I rise to speak on the Plebiscite (Same-Sex Marriage) Bill 2016. In some ways, we are in the most amazing position in Australia in relation to marriage equality.
I wanted to start by thanking you all for the important work you do as delegates. I hardly need to say that the work you do as educators is important. But that work depends on the extra work you have all taken on to safeguard the working conditions of yourselves and your colleagues.
Earlier this year the New South Wales Liberal government faced a choice. It needed to purchase new trains, a contract that would be worth billions of dollars and hundreds of jobs. The Baird government had the option in that process to choose a consortium that promised to manufacture the cars in a new facility in the Illawarra—
The lockout laws in New South Wales were put in place in 2014. They have three elements: 1.30 am lockouts; a 3 am cessation of liquor sales; and a 10 pm cap on takeaway of alcohol. Today the New South Wales government has actually released publicly former High Court Justice Ian Callinan's independent review of those liquor laws.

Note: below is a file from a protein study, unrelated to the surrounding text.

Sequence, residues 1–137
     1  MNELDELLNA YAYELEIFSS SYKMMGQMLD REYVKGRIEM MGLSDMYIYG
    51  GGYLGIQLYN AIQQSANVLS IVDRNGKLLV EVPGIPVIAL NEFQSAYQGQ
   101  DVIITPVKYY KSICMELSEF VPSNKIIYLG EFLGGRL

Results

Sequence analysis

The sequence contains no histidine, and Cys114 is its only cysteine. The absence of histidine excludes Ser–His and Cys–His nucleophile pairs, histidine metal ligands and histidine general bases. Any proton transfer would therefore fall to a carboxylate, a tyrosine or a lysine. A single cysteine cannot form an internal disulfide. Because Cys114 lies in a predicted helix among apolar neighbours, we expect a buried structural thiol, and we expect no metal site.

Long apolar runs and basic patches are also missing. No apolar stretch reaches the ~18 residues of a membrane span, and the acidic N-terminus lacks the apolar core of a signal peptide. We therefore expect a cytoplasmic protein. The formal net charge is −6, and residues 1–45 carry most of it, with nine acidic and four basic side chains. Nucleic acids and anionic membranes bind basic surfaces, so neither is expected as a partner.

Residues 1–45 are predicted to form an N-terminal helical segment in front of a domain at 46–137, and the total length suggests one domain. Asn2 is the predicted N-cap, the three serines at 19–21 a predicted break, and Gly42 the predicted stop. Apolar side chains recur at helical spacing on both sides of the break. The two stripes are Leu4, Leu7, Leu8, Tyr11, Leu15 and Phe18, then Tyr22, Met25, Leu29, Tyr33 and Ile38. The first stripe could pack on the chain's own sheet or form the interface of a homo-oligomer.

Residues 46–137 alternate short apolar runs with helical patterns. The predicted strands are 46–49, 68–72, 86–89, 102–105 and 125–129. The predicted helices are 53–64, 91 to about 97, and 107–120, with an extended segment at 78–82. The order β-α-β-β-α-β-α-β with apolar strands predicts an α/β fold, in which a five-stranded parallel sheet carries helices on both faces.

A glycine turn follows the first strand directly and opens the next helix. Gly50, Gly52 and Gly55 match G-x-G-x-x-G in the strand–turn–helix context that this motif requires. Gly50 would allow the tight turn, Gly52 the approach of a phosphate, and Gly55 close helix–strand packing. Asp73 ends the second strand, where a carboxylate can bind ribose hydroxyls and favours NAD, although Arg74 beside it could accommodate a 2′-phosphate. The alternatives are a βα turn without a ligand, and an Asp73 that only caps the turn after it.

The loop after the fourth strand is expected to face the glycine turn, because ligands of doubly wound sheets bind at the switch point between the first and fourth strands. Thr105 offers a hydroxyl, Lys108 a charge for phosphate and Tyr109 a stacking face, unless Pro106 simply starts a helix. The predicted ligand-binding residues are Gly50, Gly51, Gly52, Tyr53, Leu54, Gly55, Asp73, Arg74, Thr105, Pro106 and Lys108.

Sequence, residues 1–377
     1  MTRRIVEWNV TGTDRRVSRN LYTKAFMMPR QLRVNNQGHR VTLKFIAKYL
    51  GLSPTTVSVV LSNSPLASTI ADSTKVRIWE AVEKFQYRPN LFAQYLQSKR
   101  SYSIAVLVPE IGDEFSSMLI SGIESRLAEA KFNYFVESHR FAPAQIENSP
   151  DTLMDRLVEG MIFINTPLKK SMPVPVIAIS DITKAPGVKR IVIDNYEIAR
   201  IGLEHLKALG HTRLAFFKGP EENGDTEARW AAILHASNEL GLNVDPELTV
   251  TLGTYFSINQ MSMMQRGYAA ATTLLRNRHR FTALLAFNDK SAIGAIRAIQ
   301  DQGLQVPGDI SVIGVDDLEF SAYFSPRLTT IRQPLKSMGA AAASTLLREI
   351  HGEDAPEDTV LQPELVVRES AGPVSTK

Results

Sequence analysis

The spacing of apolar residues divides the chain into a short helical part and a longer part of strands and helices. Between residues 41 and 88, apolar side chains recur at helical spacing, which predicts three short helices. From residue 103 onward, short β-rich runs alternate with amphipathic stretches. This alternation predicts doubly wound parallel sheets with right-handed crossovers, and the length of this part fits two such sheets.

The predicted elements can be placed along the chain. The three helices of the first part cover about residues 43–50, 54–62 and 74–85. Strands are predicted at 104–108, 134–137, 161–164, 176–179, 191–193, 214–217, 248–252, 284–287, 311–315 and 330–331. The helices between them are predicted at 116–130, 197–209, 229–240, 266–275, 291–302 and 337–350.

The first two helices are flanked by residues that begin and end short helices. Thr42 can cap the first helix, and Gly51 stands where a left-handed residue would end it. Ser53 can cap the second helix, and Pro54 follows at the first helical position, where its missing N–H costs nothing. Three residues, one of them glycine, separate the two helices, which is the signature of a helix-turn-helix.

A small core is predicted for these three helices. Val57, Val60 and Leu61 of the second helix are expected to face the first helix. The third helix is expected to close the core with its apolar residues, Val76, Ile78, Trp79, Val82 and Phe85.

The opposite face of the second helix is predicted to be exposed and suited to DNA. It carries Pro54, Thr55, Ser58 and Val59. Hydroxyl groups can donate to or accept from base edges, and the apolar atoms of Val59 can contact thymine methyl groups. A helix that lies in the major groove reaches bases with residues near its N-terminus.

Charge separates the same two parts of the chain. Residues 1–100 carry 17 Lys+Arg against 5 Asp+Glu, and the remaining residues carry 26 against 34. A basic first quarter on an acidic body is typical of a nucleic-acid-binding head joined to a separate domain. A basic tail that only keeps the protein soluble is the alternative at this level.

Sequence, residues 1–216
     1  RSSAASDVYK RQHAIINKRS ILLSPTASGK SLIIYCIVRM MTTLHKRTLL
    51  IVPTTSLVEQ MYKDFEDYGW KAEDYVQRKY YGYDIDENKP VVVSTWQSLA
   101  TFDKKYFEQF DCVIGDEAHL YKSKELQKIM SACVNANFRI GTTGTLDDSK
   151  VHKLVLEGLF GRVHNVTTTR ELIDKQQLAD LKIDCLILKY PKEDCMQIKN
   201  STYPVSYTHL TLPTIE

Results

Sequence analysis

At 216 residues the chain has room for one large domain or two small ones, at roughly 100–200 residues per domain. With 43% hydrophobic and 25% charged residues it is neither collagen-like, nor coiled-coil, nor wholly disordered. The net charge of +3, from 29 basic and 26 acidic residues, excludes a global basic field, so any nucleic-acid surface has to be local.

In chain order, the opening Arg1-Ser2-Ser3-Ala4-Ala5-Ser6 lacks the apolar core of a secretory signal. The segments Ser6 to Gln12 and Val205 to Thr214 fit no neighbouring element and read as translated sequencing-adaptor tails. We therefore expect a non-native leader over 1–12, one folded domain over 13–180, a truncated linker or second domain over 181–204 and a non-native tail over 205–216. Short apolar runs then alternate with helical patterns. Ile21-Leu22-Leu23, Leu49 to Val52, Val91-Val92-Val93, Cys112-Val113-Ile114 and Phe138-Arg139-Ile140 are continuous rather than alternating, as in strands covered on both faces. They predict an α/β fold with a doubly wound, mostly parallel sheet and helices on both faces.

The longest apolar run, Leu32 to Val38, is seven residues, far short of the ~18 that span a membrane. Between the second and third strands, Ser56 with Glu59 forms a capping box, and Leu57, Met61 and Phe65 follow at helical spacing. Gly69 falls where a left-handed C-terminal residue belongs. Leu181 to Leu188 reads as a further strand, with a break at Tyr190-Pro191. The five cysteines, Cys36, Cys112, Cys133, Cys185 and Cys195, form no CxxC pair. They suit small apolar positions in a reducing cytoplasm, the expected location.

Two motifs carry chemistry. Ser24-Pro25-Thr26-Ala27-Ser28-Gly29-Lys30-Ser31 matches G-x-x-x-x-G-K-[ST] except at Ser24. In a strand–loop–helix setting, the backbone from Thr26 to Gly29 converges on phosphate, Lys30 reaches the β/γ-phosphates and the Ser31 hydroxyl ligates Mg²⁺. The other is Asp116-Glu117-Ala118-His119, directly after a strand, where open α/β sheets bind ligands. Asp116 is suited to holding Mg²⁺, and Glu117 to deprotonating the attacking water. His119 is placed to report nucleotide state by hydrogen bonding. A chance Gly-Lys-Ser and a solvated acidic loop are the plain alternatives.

I take the opportunity this evening to continue my remarks earlier today in the MPI debate about the need for electoral donation reform. I think it is important to go through some of the details of the various policy needs and responses that we might consider in this policy area.
You have to wonder why we are here still having this conversation about a plebiscite on marriage equality when a majority of Australians support marriage equality, as has been demonstrated many times in much polling, but, more importantly, when a majority of parliamentarians here and in the other place also support marriage equality.
We have heard this afternoon that there are some senators in this chamber who are concerned about tobacco taxes taking money out of people's pockets. On the Labor side, we are more concerned about tobacco taking years off people's lives. We heard a quite moving testimony from Senator Bilyk about the very personal cost that came about from tobacco-related disease.
The Prime Minister was asked yesterday if he had a recommendation for young people who could not afford to buy a home. His response had 351 words but not a single recommendation. This, of course, is just one recommendation less than Mr Hockey, who once unhelpfully suggested that young people should just get a better job -